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6. Of Ostiarii, or Doorkeepers

Antiquities of the Christian Church
CHAPTER IV. Inferior officers of the church

6. Of Ostiarii, or Doorkeepers

These, though the last of the lower orders, were of a more elevated rank than the modern sexton, with whom they should not be confounded. The ostiarii belonged, in a sense, to the clerical order; while the sexton is the attendant and waiter on the clergy. Their duties were more comprehensive than the latter, in that they separated the catechumens from believers, and excluded disorderly persons from the church. They closed the doors of the church, not only at the close of religious worship, but during the services, especially after the first part of it, called the missa catechumenorum. They had also the care of the ornaments of the church, and of the altar. It afterwards became their duty to ornament the church and the altar on festive occasions – to guard the grave-yards and sepulchres of the dead; to present the book to the preacher; to ring the bell; to sweep the church, and on Thursday of passion-week to make preparation for the consecration of the chrism, or anointing oil. They are sometimes called mansionarii and janitores.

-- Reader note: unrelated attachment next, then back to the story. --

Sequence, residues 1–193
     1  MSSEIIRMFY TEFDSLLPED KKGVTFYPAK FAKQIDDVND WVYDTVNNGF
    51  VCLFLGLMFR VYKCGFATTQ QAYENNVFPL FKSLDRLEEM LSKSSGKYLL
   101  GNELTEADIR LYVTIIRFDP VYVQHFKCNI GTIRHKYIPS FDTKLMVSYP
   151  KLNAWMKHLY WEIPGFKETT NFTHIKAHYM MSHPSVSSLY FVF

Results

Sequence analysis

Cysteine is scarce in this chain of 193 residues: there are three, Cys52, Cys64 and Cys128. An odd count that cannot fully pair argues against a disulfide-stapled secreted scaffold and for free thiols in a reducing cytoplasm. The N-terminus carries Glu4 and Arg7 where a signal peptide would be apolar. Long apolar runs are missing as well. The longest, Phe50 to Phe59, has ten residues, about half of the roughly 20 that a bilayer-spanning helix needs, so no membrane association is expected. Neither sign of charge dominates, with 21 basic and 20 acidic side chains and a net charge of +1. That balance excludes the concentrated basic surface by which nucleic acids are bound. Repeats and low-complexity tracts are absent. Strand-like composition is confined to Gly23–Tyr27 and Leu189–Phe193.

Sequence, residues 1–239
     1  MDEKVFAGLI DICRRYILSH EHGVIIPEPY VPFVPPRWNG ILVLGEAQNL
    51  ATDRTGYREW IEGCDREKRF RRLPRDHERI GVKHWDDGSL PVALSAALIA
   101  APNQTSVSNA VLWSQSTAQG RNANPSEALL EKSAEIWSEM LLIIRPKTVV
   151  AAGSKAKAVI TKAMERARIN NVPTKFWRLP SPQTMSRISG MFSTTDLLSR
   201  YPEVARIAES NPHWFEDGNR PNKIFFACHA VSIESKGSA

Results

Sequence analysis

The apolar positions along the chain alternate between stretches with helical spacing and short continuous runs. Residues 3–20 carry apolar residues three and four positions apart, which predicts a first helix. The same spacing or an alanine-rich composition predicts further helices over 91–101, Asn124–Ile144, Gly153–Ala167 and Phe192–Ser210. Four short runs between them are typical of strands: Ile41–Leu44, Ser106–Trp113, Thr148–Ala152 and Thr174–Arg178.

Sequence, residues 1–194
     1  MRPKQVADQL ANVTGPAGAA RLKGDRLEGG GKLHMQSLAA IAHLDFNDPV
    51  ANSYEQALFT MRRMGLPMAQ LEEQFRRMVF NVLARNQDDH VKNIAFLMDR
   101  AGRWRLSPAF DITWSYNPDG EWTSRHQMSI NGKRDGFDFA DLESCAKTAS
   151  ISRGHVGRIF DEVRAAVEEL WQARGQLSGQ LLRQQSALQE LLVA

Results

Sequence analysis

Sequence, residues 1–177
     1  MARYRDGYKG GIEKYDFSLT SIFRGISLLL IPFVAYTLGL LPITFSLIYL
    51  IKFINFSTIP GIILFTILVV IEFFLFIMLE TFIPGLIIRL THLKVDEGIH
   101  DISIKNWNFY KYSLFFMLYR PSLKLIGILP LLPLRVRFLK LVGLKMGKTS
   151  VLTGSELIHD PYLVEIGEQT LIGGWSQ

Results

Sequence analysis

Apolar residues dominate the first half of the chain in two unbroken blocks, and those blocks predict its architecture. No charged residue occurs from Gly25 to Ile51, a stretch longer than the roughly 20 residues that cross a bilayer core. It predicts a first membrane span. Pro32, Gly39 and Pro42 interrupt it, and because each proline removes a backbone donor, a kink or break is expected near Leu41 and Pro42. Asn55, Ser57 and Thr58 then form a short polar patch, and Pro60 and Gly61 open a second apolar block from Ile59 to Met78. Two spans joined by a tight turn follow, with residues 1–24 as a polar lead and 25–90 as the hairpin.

The most probable explanation of the origin of this order is that they were made doorkeepers of the christian church in imitation of the doorkeepers of the Jewish tabernacle as related in the book of secret discipline. If so the origin of this office was antecedent to the time of the apostles. The office was esteemed as essential in observing the secluded rites of our religion as it was in celebrating the mysteries of pagan superstition. The office was known in the Eastern church in the time of the Sardinian council (c. 24) but was discontinued about the seventh or eighth centuries – being no longer necessary.

The customary forms of ordination are prescribed in the fourth council of Carthage, c. 9, and the ceremony of delivering the keys is derived from the book of secret discipline.

Alcuinus De. div. opp. p. 269: Slat. can. cJer. torn. iii. Canis. p. 398.

Binterim S. 311.


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